Wednesday, October 19, 2011

Eduardo Cote Lamus / Elegy for my father

El Naranjo, 2008
Photo by Triunfo Arciniegas

By Eduardo Cote Lamus
Translated by Laura Chalar

For my siblings
Once he lay down, he took to dying as
he had formerly taken to living,
to cutting down the eucalyptuses and building the house
and he lay down to die because he knew
he wouldn’t make it beyond there.

Once, when the oxen became tired
of plowing, had not he himself worn
the yoke upon his neck and shoulders?
And the task was completed long before
the shadows came and the stars.
He also had to finish his business
wholly, and no matter what.

In his right hand, firmness
as if wielding a weapon
or directing the furrow or drawing
the circle of his life, closed,
arbitrary, but as entirely his own
as the walking stick of rough wood,
as the hat or the shoes
or the clothes he wore, already his
and made by him, as were his actions.

His greatest wealth was watching the colts
galloping freely under the wide sky
or lassoing one of them with well-aimed whistling,
marking its flank and giving it a name,
an easy name: Finehoof, Sweetdream, The Dove,
saddling the mule, talking about frosts.

The land came to him but not to his aid.
And he said words, asked
about friends who weren’t there
and from his arms that came and went
as if fanning the blacksmith’s fire
of his own existence, strength
fell, and sweat like anvils, power;
from his embraces there fell the days
he lived, one by one, gushing down.

But he died because he felt like it,
because he had things to do on the other side
with his wife, the one who had the days
ready for his work,
sweetness in the morning, the bread served
within reach of the heart, the window open
when, ground into wheat, he returned from the fields.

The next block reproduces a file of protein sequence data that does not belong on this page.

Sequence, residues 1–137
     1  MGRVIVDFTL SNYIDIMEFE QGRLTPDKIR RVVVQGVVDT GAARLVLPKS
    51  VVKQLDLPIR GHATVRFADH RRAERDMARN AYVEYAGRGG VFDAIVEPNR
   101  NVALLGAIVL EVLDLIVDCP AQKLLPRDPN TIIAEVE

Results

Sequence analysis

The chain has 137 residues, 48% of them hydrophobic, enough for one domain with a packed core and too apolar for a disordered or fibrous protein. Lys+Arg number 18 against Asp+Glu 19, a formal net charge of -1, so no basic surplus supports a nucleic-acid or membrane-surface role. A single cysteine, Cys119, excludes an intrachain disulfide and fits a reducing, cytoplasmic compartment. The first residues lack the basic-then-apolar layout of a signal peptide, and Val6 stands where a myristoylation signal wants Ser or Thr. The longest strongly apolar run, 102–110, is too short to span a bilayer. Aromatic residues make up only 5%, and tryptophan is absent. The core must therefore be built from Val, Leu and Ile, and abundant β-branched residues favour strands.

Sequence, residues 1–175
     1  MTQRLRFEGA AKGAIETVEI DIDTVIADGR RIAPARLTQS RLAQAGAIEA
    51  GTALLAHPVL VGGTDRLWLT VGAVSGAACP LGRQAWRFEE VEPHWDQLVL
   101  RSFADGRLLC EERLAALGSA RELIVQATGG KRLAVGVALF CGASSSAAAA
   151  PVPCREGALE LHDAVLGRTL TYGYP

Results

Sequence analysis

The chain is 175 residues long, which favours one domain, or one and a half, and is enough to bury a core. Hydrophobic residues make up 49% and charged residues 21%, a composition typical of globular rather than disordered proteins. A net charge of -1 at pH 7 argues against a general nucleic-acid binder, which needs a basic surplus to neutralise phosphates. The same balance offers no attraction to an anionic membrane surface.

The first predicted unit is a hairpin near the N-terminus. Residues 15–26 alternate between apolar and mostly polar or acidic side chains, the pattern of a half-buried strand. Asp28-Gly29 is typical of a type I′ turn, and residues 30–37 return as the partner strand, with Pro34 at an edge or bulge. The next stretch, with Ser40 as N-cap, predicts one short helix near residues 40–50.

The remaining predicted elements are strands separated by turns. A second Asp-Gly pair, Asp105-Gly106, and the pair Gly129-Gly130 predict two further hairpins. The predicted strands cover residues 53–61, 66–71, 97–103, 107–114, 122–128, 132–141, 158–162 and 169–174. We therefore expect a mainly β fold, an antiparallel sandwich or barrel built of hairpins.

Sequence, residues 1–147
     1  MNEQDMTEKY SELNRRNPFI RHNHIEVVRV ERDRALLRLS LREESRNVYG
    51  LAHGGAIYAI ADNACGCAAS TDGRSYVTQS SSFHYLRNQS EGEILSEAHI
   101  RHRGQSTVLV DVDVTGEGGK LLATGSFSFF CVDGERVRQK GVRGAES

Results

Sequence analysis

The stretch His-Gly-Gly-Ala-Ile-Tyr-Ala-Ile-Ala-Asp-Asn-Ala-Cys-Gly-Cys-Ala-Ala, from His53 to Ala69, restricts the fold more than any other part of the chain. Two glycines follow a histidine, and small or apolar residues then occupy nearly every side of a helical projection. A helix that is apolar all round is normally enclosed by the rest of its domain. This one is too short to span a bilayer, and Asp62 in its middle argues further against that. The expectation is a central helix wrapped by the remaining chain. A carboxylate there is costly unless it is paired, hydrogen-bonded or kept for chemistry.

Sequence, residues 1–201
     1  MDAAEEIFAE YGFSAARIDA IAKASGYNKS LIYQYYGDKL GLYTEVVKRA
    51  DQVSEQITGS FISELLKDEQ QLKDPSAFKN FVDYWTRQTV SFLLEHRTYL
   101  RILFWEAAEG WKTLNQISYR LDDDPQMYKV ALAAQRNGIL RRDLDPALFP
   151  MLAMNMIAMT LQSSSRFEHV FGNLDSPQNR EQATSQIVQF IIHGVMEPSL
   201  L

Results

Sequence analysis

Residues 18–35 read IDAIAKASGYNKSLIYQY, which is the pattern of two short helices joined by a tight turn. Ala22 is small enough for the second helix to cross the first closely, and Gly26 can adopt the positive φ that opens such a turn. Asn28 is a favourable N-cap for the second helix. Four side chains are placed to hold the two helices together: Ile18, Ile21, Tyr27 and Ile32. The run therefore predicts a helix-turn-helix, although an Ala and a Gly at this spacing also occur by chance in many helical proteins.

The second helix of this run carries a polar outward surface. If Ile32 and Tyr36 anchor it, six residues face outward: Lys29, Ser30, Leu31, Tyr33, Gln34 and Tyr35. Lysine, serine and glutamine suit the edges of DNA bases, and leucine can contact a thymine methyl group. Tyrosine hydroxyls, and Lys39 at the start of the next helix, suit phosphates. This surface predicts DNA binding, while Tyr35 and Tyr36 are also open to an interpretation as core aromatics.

I tell you not, yet I must tell you:
we brought you to a house with dearest
friends, stayed with you, you know,
and the next day you had three burials
as was your due: come the morning
you were called even more Pablo, you answered
more to your name: you were silence.

Airborne we put you into the hands
of other memories, and your earth was then
so close. Upriver, among climates,
you turned to stone in our breasts,
you sank deeper and deeper inside us,
you were in our breasts and leaving.

You entered Pamplona as if
on horseback: we held the colt by the bridles
and you dismounted as always, among cypresses.

Because you were too high, your sisters
couldn’t see you – one of them brought a bench
on which they climbed and called you Pablo Antonio,
they gradually called you Pablo between their tears.

But you showed your back, like a river.
On the slope your body became leaden:
a little later the weight was light
as if you had yourself lent a hand
and carried yourself to be buried.

We put you inside with care, with flowers, with tenderness.
I think you had between your hands
a rope and a spinning top and an ear of wheat
and a rumor of much sky inside your ears.

You know very well what I’m telling you
but still I tell you. There were
hat in hand
despite the drizzle
all those who loved you:
the one who sold you meat,
the one who bought your wheat
and the hoe-man whom you respected.

Did you find peace there? That is my question.
But I should not ask you anything.
You didn’t want peace but the hard
earth to sow, the air to
vanquish with trees, difficult things.

Old peasant. Father mine,
in word and in deed like iron:
so one-time and so forever:
old man on horseback, tough old man.

Pablo and nothing more you were, and we are Pablo.
Father, how little of an Antonio you were.

No comments:

Post a Comment